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Top pubs face massive rates hike

Added: Sunday, March 5th 2017


New research shows that four out of five of the top pubs across England could be slammed with crippling business rates hikes over the next five years, according to the Campaign for Real Ale (CAMRA). The Campaign has called for the Chancellor to provide immediate support for pubs, combined with a review of a business rates system that both fails to recognise the valued role of pubs in community life and penalises successful publicans.


CAMRA has calculated how the business rates revaluation, effective from 1 April, will affect the top 16 finalists from the last four years of its national Pub of the Year competition, concluding that these award-winning pubs face an average 84% increase to their rateable value.


Overall, 44 of the top 55 pubs in the country will see their rateable value increase. The Baum pub in Rochdale (above) -- the site of the Rochdale Pioneers' first Co-op in the 19th century -- is a Pub of the Year winner in 2012, which will see its rateable value rise by a whopping 377%. The Sandford Park Alehouse, the 2015 national winner, will see its business rates rise by 181%. These debilitating increases will be phased in over the next five years with bills increasing by up to 43% next month.


CAMRA is calling for urgent action in this year’s Budget to assist affected pubs, including a £5,000 rate relief reduction and greater funding for transitional caps to help reduce bill increases. Beyond these immediate measures, CAMRA is calling for a fundamental review of business rates to address the unfair burden on pubs and to ensure that successful landlords are not penalised for creating pubs that are the beating heart of so many local communities.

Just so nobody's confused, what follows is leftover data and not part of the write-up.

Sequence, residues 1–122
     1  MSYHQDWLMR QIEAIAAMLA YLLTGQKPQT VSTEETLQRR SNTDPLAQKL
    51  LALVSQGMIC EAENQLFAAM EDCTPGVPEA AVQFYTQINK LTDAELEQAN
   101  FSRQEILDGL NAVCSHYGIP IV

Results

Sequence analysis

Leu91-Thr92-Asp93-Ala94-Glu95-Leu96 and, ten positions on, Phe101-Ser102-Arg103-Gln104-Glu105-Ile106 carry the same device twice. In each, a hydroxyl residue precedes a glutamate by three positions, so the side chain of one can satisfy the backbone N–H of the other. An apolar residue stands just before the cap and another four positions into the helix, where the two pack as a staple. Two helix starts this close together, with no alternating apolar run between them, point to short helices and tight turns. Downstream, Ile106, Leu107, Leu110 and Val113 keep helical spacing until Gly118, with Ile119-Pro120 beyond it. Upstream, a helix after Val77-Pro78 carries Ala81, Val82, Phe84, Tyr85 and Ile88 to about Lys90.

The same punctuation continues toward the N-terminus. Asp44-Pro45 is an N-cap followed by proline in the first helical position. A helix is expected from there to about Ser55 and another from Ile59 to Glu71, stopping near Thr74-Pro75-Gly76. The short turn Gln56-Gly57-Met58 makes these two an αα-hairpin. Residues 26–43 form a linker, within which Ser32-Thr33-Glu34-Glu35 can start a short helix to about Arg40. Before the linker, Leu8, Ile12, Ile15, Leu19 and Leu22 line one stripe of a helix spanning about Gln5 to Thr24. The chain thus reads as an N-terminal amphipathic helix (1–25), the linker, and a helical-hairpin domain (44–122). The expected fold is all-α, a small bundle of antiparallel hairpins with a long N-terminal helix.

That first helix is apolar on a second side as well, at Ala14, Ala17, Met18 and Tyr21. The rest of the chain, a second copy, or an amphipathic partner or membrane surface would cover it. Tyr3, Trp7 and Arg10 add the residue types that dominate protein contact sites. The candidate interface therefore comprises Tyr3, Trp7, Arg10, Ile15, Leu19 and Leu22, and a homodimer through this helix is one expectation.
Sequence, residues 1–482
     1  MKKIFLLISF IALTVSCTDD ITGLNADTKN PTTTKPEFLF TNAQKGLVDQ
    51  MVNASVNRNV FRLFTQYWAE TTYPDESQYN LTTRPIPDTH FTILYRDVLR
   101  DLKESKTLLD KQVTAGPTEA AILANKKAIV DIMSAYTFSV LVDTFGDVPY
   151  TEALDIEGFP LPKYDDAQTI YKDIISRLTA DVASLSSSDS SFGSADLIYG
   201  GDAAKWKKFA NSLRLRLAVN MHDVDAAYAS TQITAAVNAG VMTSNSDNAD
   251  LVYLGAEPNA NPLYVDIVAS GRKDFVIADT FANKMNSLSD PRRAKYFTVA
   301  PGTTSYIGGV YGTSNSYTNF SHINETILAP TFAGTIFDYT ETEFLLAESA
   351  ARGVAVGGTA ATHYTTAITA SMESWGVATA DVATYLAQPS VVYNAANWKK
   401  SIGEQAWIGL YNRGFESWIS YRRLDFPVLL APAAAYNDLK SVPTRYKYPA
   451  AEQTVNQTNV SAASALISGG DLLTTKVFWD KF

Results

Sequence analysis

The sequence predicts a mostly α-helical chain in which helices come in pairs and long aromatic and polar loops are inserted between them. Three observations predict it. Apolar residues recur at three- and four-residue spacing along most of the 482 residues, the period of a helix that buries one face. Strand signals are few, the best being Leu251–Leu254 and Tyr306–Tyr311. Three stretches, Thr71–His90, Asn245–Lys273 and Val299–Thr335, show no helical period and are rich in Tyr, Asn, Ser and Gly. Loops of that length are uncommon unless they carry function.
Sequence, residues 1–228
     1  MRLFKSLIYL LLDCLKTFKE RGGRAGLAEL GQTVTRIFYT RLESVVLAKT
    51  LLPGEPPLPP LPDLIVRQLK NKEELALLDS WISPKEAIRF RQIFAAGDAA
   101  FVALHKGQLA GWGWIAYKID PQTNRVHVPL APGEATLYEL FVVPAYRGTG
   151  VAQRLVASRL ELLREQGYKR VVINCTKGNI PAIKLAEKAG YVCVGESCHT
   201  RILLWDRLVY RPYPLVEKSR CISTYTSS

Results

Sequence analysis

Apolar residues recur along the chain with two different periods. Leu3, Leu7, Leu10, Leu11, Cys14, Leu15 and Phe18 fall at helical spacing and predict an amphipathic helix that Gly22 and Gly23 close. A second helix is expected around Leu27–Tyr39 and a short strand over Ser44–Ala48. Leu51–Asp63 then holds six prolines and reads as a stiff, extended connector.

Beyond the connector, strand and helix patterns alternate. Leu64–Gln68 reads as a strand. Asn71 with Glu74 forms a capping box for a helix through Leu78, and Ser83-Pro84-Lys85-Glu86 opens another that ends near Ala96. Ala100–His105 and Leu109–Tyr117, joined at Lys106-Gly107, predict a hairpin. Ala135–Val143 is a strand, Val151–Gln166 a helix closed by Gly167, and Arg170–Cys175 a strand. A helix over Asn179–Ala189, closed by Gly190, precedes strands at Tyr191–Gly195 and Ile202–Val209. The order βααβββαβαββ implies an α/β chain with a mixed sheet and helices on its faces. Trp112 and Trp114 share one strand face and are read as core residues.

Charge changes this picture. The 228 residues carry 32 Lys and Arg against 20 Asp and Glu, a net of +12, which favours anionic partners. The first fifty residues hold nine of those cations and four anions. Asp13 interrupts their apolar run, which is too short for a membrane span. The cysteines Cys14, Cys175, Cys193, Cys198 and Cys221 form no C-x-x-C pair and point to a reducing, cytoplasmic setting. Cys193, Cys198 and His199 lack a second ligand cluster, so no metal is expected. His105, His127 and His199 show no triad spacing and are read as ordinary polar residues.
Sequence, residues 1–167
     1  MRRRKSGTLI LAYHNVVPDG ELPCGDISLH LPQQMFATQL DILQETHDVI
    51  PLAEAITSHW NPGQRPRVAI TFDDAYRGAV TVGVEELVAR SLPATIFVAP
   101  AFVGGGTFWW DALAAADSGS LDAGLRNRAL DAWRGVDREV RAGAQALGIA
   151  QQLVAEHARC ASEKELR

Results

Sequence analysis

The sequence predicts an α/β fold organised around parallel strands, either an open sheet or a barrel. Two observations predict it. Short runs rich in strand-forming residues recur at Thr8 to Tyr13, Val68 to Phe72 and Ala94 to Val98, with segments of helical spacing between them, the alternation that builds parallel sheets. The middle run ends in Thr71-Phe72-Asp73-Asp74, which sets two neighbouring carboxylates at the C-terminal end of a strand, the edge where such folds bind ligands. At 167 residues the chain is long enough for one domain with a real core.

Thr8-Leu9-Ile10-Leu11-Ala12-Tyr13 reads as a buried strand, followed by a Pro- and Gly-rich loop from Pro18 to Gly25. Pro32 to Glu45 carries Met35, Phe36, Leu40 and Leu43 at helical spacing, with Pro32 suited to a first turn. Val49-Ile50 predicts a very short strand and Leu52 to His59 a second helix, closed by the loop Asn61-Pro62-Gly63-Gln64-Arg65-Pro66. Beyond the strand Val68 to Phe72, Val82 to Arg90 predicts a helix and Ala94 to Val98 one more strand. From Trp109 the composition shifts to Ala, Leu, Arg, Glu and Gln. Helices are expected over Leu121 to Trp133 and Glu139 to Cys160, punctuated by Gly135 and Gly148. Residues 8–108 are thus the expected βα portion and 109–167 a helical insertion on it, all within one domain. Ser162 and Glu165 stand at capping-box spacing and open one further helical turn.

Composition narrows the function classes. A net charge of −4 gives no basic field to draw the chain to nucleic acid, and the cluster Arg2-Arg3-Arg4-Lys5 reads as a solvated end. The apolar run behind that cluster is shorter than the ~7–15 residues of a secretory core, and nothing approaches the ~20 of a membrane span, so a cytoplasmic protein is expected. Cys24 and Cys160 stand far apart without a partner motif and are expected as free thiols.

CAMRA’s Chief Executive Tim Page says: “We need immediate action in this week’s Budget to ensure the future of England’s best pubs.  A business rates system for pubs which punishes and discourages excellence is in no one's interest. There is a real risk that these huge increases will put some of the best pubs in the country out of business, causing irreparable harm to local communities and a loss of significant tax revenue for the government. The unique way in which pub business rates are calculated means that there is a serious injustice to successful publicans and the local communities they serve.


“There need to be fundamental changes to the way in which business rates are applied to the pub sector to avoid punishing success and to ensure that the contribution of pubs to local communities is taken into account. An immediate £5,000 rate relief for pubs in England is essential to avoid causing serious harm to our best pubs.”